Trump backs revoking tariff exemption for some solar panel imports
Reuters – October 10
President Donald Trump last Saturday signed a proclamation underscoring his support for revoking an exclusion from tariffs on some imported double-sided solar panels, and for raising the planned tariff rate to 18% for 2021 from 15%. Trump said the domestic U.S. industry was starting to increase production and market share of certain solar modules after he imposed tariffs on imports in January 2018, but further steps were needed. Bifacial panels should not be excluded from the tariffs, Trump said. The U.S. in January 2018 imposed duties on solar panel imports beginning at 30% and expected to drop to 15% by 2021. Trump’s announcement would put the rate at 18% next year.
First offshore wind research buoys deployed off West Coast
OffshoreWind.biz – October 13
The U.S. Department of Energy’s (DOE) Wind Energy Technologies Office has deployed two offshore wind research buoys near Humboldt County and Morro Bay. The buoys come as part of the research funded by the Bureau of Ocean Energy Management to gather data to support decisions on potential leasing of wind energy sites. Managed by DOE’s Pacific Northwest National Laboratory, the buoys are the first to be launched to gather meteorological and oceanographic measurements off the West Coast. The buoys were deployed previously off the coasts of New Jersey and Virginia, providing data to support offshore wind development off the East Coast.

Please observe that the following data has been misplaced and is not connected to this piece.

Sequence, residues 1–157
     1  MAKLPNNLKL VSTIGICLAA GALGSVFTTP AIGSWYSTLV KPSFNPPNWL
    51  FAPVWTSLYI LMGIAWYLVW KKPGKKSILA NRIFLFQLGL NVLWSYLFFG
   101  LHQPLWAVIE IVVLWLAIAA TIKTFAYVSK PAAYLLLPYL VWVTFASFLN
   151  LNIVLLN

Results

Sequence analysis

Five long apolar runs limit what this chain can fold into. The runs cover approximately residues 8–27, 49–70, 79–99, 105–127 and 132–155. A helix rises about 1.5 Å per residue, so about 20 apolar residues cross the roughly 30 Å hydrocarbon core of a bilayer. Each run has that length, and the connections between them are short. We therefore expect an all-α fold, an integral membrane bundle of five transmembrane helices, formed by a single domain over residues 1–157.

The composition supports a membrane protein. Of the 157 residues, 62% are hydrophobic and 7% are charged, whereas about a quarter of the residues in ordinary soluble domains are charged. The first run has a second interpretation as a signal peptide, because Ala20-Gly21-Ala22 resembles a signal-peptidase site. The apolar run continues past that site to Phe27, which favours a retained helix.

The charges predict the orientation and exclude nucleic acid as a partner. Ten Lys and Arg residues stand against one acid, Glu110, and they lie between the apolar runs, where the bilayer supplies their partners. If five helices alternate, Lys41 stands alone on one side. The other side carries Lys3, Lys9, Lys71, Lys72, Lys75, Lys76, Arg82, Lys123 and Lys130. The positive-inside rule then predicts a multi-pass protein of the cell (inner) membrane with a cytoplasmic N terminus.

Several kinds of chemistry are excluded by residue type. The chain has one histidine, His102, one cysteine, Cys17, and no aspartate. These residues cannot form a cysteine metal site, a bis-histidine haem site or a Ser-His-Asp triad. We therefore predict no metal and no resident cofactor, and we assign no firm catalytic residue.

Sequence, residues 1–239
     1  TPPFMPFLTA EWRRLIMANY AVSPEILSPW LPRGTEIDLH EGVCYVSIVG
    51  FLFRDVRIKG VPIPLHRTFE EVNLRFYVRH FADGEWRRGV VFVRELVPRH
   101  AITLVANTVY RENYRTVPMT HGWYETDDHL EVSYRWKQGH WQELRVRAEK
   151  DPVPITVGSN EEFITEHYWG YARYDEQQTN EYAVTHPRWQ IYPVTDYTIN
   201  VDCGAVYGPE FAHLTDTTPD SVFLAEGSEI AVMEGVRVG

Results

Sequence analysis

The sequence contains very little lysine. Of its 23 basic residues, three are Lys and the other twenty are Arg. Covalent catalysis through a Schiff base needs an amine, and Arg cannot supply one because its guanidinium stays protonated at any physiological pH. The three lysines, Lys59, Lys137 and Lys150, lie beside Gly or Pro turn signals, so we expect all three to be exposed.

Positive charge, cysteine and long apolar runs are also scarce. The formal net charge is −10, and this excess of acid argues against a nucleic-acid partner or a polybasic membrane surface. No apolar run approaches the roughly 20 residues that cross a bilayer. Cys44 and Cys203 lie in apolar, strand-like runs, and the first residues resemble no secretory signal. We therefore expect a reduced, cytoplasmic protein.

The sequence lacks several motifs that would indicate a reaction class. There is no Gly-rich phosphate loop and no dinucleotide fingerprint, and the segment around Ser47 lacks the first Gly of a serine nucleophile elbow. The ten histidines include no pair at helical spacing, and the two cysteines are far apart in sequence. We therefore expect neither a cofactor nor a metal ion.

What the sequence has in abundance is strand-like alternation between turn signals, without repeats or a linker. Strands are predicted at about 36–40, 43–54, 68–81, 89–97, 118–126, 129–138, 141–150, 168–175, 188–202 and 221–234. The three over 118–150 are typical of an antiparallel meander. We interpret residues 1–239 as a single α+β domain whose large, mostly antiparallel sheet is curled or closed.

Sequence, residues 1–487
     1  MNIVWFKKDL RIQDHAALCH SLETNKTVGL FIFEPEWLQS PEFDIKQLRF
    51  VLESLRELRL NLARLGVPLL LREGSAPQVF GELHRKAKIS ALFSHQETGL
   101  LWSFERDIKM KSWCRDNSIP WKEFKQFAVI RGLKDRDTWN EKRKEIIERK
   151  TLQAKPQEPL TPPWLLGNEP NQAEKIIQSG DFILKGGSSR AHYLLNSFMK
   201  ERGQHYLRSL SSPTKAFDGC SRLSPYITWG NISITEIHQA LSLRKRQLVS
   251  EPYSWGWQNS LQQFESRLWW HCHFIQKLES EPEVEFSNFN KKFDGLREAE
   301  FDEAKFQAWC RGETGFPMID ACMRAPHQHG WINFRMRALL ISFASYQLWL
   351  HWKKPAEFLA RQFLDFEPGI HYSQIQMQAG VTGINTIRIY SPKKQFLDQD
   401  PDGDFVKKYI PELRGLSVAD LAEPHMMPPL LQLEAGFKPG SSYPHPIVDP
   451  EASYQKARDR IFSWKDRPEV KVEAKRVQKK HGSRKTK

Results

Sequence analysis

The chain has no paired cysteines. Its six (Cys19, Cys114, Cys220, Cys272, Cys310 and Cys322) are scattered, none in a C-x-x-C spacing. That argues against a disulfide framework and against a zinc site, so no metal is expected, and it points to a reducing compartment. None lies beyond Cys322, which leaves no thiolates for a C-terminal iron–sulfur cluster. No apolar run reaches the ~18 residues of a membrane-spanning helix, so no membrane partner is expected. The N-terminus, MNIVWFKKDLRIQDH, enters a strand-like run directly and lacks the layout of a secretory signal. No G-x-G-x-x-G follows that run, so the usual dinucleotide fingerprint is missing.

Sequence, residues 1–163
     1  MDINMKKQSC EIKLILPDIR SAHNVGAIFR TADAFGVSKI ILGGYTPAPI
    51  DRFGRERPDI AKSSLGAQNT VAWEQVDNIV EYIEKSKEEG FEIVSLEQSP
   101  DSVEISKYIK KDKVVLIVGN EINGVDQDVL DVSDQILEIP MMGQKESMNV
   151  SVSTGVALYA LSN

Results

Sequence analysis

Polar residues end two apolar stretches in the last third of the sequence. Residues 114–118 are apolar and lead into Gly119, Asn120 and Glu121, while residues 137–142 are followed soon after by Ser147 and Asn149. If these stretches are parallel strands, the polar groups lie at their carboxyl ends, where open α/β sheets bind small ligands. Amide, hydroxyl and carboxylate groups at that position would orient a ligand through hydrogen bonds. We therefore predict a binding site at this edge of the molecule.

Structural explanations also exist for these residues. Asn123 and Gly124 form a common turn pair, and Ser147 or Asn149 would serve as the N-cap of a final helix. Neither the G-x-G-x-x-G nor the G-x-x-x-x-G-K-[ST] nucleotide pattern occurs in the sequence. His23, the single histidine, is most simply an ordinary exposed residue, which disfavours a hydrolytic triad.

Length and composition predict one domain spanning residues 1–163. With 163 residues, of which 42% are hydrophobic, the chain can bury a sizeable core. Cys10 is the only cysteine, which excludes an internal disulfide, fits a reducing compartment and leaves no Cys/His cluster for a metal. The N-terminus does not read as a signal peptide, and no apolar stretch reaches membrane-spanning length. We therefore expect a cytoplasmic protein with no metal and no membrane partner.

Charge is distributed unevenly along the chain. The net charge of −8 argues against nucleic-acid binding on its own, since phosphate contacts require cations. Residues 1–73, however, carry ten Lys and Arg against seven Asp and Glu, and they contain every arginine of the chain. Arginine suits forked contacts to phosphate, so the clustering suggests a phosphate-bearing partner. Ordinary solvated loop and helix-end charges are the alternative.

California has a renewables curtailment problem. Can your Google and Facebook activity help?
Utility Dive – October 8
In states like California, a rapid buildout of renewables has led to excess supply, especially during peak solar hours. As a result, the California Independent System Operator has often sold excess energy from its grid at a loss rather than undertake costly shutdowns and re-starts of natural gas-fired power plants — and renewable generation is often curtailed. UC Santa Barbara researchers have proposed one possible solution: migrating data center workloads from geographic areas with low renewable penetration to places with more — especially when the destination is at risk of oversupply — to use more clean energy for data processing. They argue that it would help reduce both curtailment and overall emissions. Nationally, data centers are estimated to account for up to 1.8% of total electricity consumption.